Inspired by this post over on Puzzling. Spoilers for that puzzle are below.
Given three positive integers as input,
(x, y, z), construct the inclusive range
[x, y], concatenate that range together, then remove
z not-necessarily-consecutive digits to produce the largest and smallest positive integers possible. Leading zeros are not permitted (i.e., the numbers must start with
[1-9]). Output those two numbers in either order.
For the example from the Puzzling post, for input
(1, 100, 100), the largest number possible is
and the smallest number is
following the below logic from jafe's answer posted there:
- We can't influence the number's length (there's a fixed number of digits), so to maximize the value we take the maximal first digit, then second digit etc.
- Remove the 84 first non-nines (16 digits left to remove):
- The largest number within the next 17 digits is 7, so from here, the next digit in the answer can be at most 7 (we can't remove more than 16 digits). So remove 15 non-7's... (1 digit left to remove):
- From here, the next digit can be at most 8 so remove one non-8 from the middle:
- Similar logic, but reversed (i.e., we want leading
1s instead of leading
9s) for the smallest number.
Here's a smaller example:
(1, 10, 5).
We construct the range
12345678910 and determine which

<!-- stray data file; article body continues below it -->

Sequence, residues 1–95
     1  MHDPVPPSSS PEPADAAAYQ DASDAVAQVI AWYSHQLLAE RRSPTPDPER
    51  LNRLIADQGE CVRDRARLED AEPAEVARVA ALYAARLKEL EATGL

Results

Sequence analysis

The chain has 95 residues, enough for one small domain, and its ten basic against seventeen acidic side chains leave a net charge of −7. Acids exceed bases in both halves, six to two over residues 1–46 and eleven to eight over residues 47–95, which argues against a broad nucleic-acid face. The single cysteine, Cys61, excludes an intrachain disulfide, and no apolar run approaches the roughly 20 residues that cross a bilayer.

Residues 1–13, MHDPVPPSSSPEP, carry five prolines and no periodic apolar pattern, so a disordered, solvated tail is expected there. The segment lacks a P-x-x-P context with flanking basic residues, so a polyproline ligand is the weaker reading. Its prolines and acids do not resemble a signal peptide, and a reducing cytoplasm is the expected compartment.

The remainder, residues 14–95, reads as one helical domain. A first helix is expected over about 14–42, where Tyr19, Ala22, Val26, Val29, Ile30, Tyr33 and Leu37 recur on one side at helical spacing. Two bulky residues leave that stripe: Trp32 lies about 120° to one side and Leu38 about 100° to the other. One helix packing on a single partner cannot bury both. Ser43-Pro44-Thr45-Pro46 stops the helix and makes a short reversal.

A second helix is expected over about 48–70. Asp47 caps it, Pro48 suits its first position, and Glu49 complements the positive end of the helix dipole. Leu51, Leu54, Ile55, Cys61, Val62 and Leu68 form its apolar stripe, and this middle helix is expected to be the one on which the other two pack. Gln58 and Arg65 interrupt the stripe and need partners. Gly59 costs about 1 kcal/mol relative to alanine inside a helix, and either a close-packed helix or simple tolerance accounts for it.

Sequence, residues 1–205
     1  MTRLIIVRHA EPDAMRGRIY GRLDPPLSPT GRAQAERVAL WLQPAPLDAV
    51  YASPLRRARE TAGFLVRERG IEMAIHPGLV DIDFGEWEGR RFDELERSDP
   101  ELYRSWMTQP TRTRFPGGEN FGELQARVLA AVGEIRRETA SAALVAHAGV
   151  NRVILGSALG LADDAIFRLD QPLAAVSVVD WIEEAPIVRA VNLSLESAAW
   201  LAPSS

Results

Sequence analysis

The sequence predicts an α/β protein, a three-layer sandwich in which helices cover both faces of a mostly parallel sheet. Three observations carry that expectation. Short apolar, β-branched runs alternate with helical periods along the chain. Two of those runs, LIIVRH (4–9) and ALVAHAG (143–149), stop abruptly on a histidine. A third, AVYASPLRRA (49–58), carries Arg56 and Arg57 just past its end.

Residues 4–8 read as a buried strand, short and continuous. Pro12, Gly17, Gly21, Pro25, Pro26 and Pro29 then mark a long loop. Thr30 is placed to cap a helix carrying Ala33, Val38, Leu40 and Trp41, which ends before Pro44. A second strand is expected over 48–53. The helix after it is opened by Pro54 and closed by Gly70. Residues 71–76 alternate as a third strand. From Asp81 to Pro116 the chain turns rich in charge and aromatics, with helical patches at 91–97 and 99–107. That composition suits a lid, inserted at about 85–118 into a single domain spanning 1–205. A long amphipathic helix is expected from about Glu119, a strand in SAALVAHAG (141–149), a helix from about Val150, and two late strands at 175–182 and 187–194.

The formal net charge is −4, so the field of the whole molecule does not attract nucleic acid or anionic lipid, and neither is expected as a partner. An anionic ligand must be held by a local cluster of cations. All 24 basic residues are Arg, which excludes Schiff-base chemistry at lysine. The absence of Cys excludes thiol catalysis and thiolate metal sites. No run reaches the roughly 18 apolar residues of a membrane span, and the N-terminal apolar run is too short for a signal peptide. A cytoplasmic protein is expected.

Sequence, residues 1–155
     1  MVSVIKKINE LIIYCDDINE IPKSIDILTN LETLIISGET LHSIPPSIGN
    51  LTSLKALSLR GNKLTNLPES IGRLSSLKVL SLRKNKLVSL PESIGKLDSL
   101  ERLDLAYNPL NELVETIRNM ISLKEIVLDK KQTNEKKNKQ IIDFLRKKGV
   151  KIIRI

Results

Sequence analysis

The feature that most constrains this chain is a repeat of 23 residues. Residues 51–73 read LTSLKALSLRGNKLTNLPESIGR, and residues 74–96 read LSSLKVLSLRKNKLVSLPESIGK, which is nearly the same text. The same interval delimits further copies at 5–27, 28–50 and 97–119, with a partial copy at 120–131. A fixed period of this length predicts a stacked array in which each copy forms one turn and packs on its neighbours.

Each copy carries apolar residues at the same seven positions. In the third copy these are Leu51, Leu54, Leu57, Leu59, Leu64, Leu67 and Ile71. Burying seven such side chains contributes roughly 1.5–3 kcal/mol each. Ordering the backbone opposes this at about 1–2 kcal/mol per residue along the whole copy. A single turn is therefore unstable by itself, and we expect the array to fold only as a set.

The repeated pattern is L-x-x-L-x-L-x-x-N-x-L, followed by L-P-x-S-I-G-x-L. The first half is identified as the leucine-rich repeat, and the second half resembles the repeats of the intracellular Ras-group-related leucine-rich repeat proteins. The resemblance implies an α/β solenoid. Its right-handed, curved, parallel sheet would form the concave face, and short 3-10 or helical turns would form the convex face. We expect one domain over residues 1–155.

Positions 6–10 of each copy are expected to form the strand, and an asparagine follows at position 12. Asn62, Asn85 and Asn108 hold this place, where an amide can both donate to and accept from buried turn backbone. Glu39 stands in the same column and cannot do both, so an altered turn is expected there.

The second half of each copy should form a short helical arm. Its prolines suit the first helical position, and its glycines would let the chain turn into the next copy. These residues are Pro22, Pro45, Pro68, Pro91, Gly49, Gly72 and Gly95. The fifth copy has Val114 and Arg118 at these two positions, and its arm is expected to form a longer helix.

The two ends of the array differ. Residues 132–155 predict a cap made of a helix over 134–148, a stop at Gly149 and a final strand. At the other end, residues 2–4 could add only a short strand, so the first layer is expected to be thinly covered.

5 digits we can remove leaving the largest possible number. Obviously, that means we want to maximize the leading digit, since we can't influence the length of the output. So, if we remove
12345, we're left with
678910, and that's the largest we can make. Making the smallest is a little bit trickier, since we can pluck out numbers from the middle instead, leaving
123410 as the smallest possible.
(20, 25, 11), the result is rather boring, as
Finally, to rule out answers that try leading zeros,
(9, 11, 3) gives
91011 which in turn yields
10 as the largest and smallest.
I/O and Rules
- If it's easier/shorter, you can code two programs/functions -- one for the largest and one for the smallest -- in which case your score is the sum of both parts.
- The input and output can be given by any convenient method.
- The input can be assumed to fit in your language's native number type, however, neither the concatenated number nor the output can be assumed to do so.
- Either a full program or a function are acceptable. If a function, you can return the output rather than printing it.
- Standard loopholes are forbidden.
- This is code-golf so all usual golfing rules apply, and the shortest code (in bytes) wins.